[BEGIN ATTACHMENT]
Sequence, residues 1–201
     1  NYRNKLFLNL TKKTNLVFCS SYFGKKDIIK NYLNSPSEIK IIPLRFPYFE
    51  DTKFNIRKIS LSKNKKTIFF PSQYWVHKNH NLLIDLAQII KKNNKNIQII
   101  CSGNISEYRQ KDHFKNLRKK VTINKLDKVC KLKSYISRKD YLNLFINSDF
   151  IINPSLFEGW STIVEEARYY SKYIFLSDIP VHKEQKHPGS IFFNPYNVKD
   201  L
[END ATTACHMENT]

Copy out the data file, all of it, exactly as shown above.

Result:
Sequence, residues 1–201
     1  NYRNKLFLNL TKKTNLVFCS SYFGKKDIIK NYLNSPSEIK IIPLRFPYFE
    51  DTKFNIRKIS LSKNKKTIFF PSQYWVHKNH NLLIDLAQII KKNNKNIQII
   101  CSGNISEYRQ KDHFKNLRKK VTINKLDKVC KLKSYISRKD YLNLFINSDF
   151  IINPSLFEGW STIVEEARYY SKYIFLSDIP VHKEQKHPGS IFFNPYNVKD
   201  L